Shares of Inhibitex (NASDAQ:INHX) sank yesterday after the release of top-line data of its lead drug, FV-100, for the treatment of shingles. While the results showed improvements in the reduction in the severity and duration of shingles-associated pain of 3% and 7% for the 200mg and 400mg patient cohorts, it was a far cry from the 25% reduction called for as the primary endpoint, and not statistically significant.
The FV-100 Phase II trial was a randomized, three-armed, controlled study comparing two doses of FV-100 to Valtrex, the current standard of care. The compound had never been tested in shingles patients, only healthy volunteers. The rationale for study design and endpoints were therefore somewhat arbitrary, based mainly on preclinical data and results of marketing studies.
In other words, they were going in blind.
Inhibitex had good reason to believe in its molecule; it was extremely potent and fast acting against the Herpes Zoster virus that causes outbreaks of shingles, much more so than current treatments. It had excellent PK and PD properties, allowing once-a-day dosing, compared to the three-times a day treatment with Valtrex.
But the company believed it needed more than a dosing advantage in a marketplace where all three top treatments - including Valtrex - are generic. Market research led it to select pain reduction of 25% over Valtrex as the primary endpoint partially due to the belief that such a large reduction would vault FV-100 into a position to become the standard of care.
It is therefore not surprising that FV-100 missed this artificial goal. The trial did show that Inhibitex has a compound that is at least as good as Valtrex in pain reduction with a similar side effect profile and lower pill burden. What many investors may not have noticed is the 400mg FV-100 cohort had only a 12.4% incidence of postherpetic neuralgia (PHN) compared to 20.2% for Valtrex, one of the secondary endpoints. PHN is the most common complication of shingles and occurs when the nerve pain associated with shingles persists beyond one month, even after the rash is gone.
This is a setback for sure, but FV-100 is in all likelihood an approvable drug. The difference now is a reassessment of its market potential and partnering ability. What management once considered a $1 billion opportunity may no longer exist. It is likely new endpoints will need to be selected for the Phase three to prove superiority, or a higher dose may be used. This is likely to create uncertainty in the trial outcome.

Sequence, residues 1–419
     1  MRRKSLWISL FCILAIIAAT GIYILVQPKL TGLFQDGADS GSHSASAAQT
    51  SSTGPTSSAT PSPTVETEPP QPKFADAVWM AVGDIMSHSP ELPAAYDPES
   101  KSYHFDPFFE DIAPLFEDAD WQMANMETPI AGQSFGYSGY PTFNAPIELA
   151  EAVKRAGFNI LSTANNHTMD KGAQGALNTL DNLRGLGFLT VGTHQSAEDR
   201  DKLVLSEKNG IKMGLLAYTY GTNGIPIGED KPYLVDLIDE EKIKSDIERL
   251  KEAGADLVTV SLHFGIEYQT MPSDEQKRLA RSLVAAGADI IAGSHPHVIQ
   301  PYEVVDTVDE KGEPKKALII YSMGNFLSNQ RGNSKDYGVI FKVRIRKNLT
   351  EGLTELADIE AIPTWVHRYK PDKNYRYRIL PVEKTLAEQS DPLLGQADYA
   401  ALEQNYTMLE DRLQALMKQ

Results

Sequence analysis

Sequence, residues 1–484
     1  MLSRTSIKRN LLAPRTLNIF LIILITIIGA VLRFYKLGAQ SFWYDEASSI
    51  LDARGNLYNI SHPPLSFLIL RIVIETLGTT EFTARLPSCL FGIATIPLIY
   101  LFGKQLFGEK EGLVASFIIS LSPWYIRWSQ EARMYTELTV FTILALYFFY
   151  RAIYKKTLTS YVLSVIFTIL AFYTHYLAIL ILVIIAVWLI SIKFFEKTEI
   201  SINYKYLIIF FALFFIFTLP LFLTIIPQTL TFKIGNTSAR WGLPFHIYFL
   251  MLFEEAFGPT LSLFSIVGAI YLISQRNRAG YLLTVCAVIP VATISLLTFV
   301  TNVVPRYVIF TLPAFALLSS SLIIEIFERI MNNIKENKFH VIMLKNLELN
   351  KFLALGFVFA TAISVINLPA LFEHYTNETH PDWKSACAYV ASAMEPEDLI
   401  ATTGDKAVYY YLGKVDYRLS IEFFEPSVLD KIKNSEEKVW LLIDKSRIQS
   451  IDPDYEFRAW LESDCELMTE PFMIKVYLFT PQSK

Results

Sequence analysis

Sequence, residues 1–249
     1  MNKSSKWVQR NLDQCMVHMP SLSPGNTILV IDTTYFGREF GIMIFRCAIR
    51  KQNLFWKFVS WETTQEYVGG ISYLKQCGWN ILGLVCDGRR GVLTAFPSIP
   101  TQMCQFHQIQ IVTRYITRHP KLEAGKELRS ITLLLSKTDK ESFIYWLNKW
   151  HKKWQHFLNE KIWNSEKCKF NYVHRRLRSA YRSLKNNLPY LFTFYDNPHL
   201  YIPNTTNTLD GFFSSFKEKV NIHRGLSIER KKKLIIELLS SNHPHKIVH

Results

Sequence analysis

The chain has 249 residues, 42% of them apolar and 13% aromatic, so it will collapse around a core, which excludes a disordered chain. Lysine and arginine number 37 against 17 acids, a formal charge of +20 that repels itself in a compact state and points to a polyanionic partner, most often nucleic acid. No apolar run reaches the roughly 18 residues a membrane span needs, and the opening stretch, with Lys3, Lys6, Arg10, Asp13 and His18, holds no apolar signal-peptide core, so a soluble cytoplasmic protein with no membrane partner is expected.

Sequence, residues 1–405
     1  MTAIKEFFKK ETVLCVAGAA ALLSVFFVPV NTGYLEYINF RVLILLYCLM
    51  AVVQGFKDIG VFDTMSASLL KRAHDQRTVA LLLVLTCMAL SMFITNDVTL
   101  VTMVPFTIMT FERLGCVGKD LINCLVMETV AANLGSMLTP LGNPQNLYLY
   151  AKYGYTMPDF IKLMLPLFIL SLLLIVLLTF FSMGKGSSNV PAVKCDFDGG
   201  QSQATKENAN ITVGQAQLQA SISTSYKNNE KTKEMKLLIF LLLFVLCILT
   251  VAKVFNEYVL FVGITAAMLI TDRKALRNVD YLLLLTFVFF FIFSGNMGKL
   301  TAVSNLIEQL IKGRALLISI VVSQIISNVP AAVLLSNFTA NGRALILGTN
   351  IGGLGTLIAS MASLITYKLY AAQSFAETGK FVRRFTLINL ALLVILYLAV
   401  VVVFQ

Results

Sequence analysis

Management spoke of partnering possibilities, suggesting an Asian partner is likely to emerge before any other. Big U.S. and European pharmas certainly seem to have lost interest in primary care drugs; it’ll take gangbuster results to get their attention. In a sane world, pharmas would partner with it before the great results. Inhibitex believes it can take FV-100 into Phase III on its own.
Stealing the spotlight from FV-100 is INX-189, the company’s lead candidate for HCV treatment. The program seemed to come out of nowhere when they first presented data at the 22nd Annual International Conference on Antiviral Research. But as with FV-100, it was in-licensed from the lab of Prof Chris McGuigan of U.K.’s Cardiff University; in this case, in 2008.
INX-189 belongs to a class of RNA nucleotide polymerase inhibitors and appears to be promising. As with all compounds of its class, it has a high barrier to resistance: viruses reproduced for three months in lab tests before a mutant was found. Management claims that their compound is 5-10 times more potent than other compounds in its class.
Phase Ia studies in healthy volunteers have been complete. INX-189 has shown a clean safety profile and good PK sufficient for once daily dosing. A Phase Ib, 7-day trial in treatment naïve patients is now fully enrolled. This trial consists of six cohorts receiving various doses in monotherapy plus two cohorts treated with a combination of INX-189 and ribavirin. Results had been anticipated for the end of this year, but are now expected to roll in through the first quarter 2011 beginning in January. A 12-week Phase II combination study is being planned to follow soon after.
Inhibitex has a rare commodity on its hand with INX-189 and it knows it. There are only a handful of nucleotide polymerase inhibitors in development. The company is planning to develop the compound rapidly. A partner may be considered for Phase II if considered helpful.
After losing 24% in regular trading, the stock has lost nearly all its gains leading up to the FV-100 data release, leaving it with a market capitalization of $136 million. Any value in the company then, appears to be assigned to INX-189.
Buyers of the stock appear to get FV-100 for free.